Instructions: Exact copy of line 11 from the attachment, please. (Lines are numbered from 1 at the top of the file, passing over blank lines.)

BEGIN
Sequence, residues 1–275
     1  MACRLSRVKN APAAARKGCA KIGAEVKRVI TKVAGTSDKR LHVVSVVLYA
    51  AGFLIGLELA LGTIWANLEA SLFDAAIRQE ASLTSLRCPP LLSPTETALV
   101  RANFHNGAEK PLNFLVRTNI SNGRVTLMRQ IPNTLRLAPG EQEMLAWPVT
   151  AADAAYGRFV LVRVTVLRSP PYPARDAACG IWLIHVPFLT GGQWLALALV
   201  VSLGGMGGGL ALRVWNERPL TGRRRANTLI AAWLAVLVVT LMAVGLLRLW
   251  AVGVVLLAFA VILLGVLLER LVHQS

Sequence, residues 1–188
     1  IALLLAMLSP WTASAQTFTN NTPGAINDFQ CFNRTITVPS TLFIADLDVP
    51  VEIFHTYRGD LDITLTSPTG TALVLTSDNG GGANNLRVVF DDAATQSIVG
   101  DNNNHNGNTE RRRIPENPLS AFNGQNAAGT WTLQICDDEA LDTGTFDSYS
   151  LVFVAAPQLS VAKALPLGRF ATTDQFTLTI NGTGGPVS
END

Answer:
   101  DNNNHNGNTE RRRIPENPLS AFNGQNAAGT WTLQICDDEA LDTGTFDSYS